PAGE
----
• combining Job Services Australia, Disability Employment Services, Community Development Employment Projects to create a new single assistance provider which will work with communities to develop Community Action Plans as well as with individual job-seekers (this element producing savings of $62.0 million over four years)
  • $137.5 million over three years to establish a Community Development Fund to support community development projects
  • $44.4 million over three years for a Remote Youth Development and Leadership Corps which will provide up to 3000 places by 2015–16 for young people aged under 25. The National Congress of Australia’s First People particularly welcomed this commitment  but noted that  there will be $22.8 million  in savings from ending new enrolments in the Indigenous Youth Leadership Program[15] and
  • five more years of CDEP wages to approximately 4000 long-term CDEP participants (budget neutral over six years).

Budget initiatives relating to services and infrastructure include:

  • $43.4 million in 2012–13 for remote communities to continue the provision of municipal and essential services to 38 000 Aboriginal people in approximately 350 remote communities across Western Australia, South Australia, Queensland, Victoria and Tasmania.[16] This measure was announced on 28 March 2012 and is intended to supplement the efforts of State and Territory Governments.[17] With small homelands and outstations communities persisting and their need for better services great, this  commitment was well received by most but criticised by some as too little, not involving sufficient Northern Territory Government contribution and not helping to clarify long-term responsibilities and expectations[18] and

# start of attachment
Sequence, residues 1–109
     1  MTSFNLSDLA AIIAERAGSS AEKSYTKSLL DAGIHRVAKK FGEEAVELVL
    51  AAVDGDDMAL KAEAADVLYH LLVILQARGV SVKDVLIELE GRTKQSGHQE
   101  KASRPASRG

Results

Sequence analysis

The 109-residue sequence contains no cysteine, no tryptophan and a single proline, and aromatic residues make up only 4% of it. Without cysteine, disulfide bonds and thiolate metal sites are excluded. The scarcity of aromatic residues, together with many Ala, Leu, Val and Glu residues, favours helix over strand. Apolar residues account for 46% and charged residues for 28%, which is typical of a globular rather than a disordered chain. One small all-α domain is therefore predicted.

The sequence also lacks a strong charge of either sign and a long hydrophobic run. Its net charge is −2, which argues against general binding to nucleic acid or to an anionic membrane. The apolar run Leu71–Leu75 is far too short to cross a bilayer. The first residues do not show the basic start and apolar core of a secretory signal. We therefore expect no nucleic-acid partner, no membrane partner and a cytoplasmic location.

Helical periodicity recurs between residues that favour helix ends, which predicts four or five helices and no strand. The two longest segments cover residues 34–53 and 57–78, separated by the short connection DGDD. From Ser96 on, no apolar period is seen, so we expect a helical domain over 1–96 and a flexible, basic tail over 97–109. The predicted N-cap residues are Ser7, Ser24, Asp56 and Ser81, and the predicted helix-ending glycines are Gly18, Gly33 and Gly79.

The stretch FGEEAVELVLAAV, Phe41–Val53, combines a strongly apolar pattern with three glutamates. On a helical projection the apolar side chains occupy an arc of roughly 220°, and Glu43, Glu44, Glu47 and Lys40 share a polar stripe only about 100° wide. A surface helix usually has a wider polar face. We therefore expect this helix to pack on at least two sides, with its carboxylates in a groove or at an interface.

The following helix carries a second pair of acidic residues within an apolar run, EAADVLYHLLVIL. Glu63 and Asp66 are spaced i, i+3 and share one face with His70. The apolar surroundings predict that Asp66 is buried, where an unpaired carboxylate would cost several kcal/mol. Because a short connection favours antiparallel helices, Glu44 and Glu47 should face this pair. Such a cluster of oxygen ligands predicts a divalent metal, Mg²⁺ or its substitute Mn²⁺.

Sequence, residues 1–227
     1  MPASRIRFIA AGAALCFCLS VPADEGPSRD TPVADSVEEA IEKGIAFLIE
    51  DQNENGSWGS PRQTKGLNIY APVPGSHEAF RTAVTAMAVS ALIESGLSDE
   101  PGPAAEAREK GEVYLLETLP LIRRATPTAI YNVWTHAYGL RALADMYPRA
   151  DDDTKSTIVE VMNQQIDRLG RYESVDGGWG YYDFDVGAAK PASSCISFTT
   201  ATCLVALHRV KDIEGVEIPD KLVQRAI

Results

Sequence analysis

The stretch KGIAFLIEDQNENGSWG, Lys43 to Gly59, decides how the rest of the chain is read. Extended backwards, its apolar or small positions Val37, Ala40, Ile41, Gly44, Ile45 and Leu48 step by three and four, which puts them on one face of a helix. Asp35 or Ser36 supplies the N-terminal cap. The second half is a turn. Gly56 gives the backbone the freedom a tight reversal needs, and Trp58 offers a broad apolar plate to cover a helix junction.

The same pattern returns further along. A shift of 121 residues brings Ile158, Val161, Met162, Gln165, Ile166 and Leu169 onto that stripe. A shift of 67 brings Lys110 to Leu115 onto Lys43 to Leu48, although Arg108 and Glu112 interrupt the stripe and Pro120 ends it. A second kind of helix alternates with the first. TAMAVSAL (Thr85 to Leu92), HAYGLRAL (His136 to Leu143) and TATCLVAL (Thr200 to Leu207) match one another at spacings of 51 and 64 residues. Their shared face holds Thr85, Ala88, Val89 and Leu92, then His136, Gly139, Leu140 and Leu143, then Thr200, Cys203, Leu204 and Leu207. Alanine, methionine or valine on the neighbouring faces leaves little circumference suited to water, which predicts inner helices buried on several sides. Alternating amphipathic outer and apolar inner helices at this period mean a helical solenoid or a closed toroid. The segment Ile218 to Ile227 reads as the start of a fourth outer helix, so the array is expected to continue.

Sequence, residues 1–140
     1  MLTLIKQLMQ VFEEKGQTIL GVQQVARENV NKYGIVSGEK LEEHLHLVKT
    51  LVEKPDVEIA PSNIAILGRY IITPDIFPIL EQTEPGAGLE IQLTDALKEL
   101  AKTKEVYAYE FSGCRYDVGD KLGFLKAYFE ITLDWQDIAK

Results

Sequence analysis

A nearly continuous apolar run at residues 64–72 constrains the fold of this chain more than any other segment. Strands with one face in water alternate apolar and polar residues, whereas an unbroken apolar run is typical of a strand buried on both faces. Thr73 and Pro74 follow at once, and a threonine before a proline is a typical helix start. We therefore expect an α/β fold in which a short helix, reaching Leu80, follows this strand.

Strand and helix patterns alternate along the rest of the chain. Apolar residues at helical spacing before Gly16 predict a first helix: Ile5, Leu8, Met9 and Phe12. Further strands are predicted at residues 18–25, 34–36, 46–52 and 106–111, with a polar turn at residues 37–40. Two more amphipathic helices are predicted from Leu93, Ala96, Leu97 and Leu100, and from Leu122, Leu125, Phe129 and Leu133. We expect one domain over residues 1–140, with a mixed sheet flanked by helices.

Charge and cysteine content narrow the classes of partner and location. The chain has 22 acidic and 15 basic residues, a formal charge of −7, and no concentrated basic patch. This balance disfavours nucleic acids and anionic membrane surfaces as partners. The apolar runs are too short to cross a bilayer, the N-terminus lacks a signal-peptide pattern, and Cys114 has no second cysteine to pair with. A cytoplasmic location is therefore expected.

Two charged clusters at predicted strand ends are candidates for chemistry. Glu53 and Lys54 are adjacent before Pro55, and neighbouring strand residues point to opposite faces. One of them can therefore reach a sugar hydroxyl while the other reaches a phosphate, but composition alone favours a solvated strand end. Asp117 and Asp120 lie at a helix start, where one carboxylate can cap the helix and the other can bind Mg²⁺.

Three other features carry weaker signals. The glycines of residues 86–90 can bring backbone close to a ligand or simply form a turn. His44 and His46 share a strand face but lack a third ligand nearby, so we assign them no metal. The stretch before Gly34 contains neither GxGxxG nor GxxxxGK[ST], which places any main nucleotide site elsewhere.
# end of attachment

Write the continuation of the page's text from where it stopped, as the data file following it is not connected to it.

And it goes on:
• $21.2 million to deliver environmental health infrastructure in the Torres Strait region, including water projects, sewerage infrastructure, roads and serviced housing lots.[19]

There are two small initiatives in the area of Indigenous education:

  • $14.3 million over three years to attract and retain high-calibre teachers in remote areas, by expanding the Teach Remote program[20] and
  • $4.8 million over three years to expand (through the Clontarf Foundation) the Sporting Chance Program which helps promote school engagement amongst Indigenous boys, and to fund strategies to promote school engagement amongst Indigenous girls.[21]

However, these are more than offset by  the redirection to Stronger Futures spending of savings of $56.3 million over four years ($152.9 million over 10 years) by ceasing the Closing the Gap—Intensive Literacy and Numeracy Programs for Underachieving Indigenous Students.[22]

With respect to health and aged care, Budget initiatives include:

  • $43.1 million over five years to deliver an extra 200 aged care places for older Indigenous people who have high care needs so that they can stay close to home in culturally appropriate care[23] and
  • $475.0 million over six years for new and extended regional and remote health care facilities, including $48.6 million for 10 projects in regional and remote Indigenous communities which will deliver improved health care services.[24]

Other initiatives include:

  • $63.0 million over four years for the Special Broadcasting Service Corporation to establish a free-to-air national Indigenous television channel[25] (see the item on broadcasting elsewhere in the Budget Review)
  • $55.7 million over four years for the Home Interaction Program for Parents and Youngsters to better prepare children for school through a home-based parenting and early childhood program in 100 sites across Australia. Fifty of these will be targeted towards communities with a high proportion of disadvantaged Indigenous Australians.[26]
  • $11.8 million to extend the Cape York Welfare Reform Trial until 31 December 2013[27] and
  • $10.0 million to support activities to build community understanding and support for constitutional recognition of Aboriginal and Torres Strait Islander Australians—with the cost being ‘met from within the existing resourcing the Department of Families, Housing, Community Services and Indigenous Affairs’.[28]

Comment